Virtues of Family Life

(The Holy Family of Jesus, Mary and Joseph; This homily was given on December 30 & 31, 2023 at Saint Augustine Church in Providence, Rhode Island; See Genesis 15:1-6; 21:1-3, Hebrews 11:8-19 and Luke 2:22-40) 

Vie de l'église

7 movies to watch for in 2024

As 2023 comes to a close, moviegoers are reflecting on their most exciting cinema experiences of the year, despite the complications of the SAG-AFTRA strike. « Barbie » smashed box offices and women’s hearts as stereotypical Barbie (played by Margot Robbie) journeyed from Barbieland into the real world. Spiderman enthusiasts enjoyed another adventure in « Spider-Man: Across the Spider-Verse » as teenage Miles Morales teamed up with Spider-Woman, Gwen Stacy. Faith-based movies surprised many people, as « Jesus Revolution » and « Sound of Freedom » exceeded expectations at the box office, proving that faith-based films are just as wanted in theaters as secular movies.

The new year will bring more anticipated movies filled with joy, laughter, endurance, conversational topics and the light of God. If you’re wondering what to watch in 2024, we have you covered. 

« Freud’s Last Session« 

End the year by witnessing two great minds debate the existence of God and human nature. The film depicts a fictional debate set in 1939 between Sigmund Freud (Anthony Hopkins) and C.S. Lewis (Matthew Goode). « Freud’s Last Session » was originally a play by Mark St. Germain. The film is directed by Matt Brown, known for « London Town, » « Ropewalk » and « The Man Who Knew Infinity. »

« Freud’s Last Session » is an undeniably serious film, but thoughtful moviegoers will appreciate the father of psychoanalysis debating the nature of God with the author of The Chronicles of Narnia. The film debuted on Oct. 27 at the 2023 AFI Film Festival.

« The Book Of Clarence« 

« The Book Of Clarence » is certain to be a topic of conversation among Christians and secular people alike this January. This fictional period piece is set during the time of Jesus’ ministry and follows Clarence, a down-on-his-luck Jerusalemite who attempts to profit from the Messiah’s fame and power. His journey takes him down an unexpected road of faith and self-discovery.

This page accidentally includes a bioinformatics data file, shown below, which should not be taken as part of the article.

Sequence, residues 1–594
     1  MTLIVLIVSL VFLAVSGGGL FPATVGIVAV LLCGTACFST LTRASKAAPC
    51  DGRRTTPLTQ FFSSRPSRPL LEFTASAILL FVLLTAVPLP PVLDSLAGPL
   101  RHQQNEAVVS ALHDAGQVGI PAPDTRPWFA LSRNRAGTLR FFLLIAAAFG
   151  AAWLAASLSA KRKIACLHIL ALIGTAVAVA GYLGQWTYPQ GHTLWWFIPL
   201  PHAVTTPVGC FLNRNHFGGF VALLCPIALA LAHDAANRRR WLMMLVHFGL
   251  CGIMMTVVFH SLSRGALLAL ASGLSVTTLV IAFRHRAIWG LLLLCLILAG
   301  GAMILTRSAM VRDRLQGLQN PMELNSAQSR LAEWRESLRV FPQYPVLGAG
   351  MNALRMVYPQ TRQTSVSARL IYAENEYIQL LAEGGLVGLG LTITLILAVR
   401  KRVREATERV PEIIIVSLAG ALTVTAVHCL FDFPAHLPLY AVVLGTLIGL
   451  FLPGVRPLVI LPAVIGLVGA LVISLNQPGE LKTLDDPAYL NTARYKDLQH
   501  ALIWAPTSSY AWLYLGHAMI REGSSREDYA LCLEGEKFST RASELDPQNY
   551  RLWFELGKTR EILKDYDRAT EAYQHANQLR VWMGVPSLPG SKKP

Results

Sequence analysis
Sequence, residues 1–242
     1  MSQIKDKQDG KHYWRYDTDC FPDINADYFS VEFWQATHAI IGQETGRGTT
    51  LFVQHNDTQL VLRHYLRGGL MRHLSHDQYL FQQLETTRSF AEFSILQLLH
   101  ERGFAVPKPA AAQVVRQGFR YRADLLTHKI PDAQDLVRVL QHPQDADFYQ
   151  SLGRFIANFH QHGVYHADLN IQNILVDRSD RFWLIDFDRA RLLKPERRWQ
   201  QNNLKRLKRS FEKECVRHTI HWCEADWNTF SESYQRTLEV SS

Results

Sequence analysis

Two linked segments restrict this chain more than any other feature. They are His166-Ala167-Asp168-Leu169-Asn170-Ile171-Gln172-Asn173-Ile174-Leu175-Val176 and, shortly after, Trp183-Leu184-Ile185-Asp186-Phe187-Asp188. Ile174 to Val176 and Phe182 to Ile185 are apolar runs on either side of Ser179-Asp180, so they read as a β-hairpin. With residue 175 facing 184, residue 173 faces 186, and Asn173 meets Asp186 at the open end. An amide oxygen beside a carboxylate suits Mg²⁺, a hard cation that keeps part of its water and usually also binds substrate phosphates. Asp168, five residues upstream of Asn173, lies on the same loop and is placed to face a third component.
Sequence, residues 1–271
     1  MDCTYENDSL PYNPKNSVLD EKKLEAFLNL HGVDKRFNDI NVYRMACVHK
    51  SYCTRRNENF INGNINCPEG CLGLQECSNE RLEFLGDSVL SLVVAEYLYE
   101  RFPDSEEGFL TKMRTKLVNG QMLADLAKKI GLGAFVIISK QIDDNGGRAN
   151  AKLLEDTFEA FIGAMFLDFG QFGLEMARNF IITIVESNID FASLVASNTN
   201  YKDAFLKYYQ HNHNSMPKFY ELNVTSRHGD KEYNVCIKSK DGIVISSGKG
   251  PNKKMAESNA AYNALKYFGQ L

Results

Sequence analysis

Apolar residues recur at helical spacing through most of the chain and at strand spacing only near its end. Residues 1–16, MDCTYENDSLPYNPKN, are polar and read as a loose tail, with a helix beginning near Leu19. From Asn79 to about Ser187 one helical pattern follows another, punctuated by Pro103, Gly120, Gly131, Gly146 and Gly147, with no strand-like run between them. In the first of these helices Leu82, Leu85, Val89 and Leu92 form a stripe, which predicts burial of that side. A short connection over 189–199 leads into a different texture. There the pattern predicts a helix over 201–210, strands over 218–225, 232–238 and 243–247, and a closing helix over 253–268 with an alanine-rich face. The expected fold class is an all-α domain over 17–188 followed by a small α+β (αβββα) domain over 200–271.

The movie is directed by Jeynes Samuel, who also directed the smash 2021 hit « The Harder They Fall. » Clarence is played by LaKeith Stanfield, who recently acted in Disney’s « Haunted Mansion. » Other cast members include Teyana Taylor, James McAvoy, Benedict Cumberbatch, Omar Sy and RJ Cyler.

Director Samuel has always believed that great stories can be told around biblical times.

« I’ve always loved those things where they kind of take a bit of liberty with the Bible because the story runs alongside it, » Samuel said in a Deadline Q&A. « A man trying to prove he’s a nobody, a man that believes he can do anything. And this belief gets him in trouble with the neighborhood terrorists, so to speak. Then he ends up on a path of self-discovery, redemption, and awakening. I know I could tell a great story like that, but set in a biblical era, it would just be something to marvel at. »

The film will be released in theaters Jan. 12.

« Bob Marley: One Love« 

The story of the King of Reggae is coming to the big screen. « Bob Marley: One Love » will cover the legendary singer’s life from 1976 to 1978, celebrating, as Paramount Pictures puts it, « the iconic artistic work that has inspired love and unity for generations. »

Reinaldo Marcus Green directs the movie. Kingsley Ben-Adir (« Barbie, » « Secret Invasion ») plays Bob Marley. Lashana Lynch, who held roles in « The Woman King » and « The Marvels, »

plays Rita Marley, the wife of Bob Marley. This movie is a family affair; the film’s producers include members of the Marley family: wife Rita Marley, son Ziggy Marley and daughter Cedella Marley all contributed to the film.

« We talk all the time. Every step of the way, the script, the casting, the hair, the makeup, » Green  said in an interview. « I want this to be for people who know and love Bob and who can still find out things about his life that they didn’t know, as well as introducing him to a new generation. »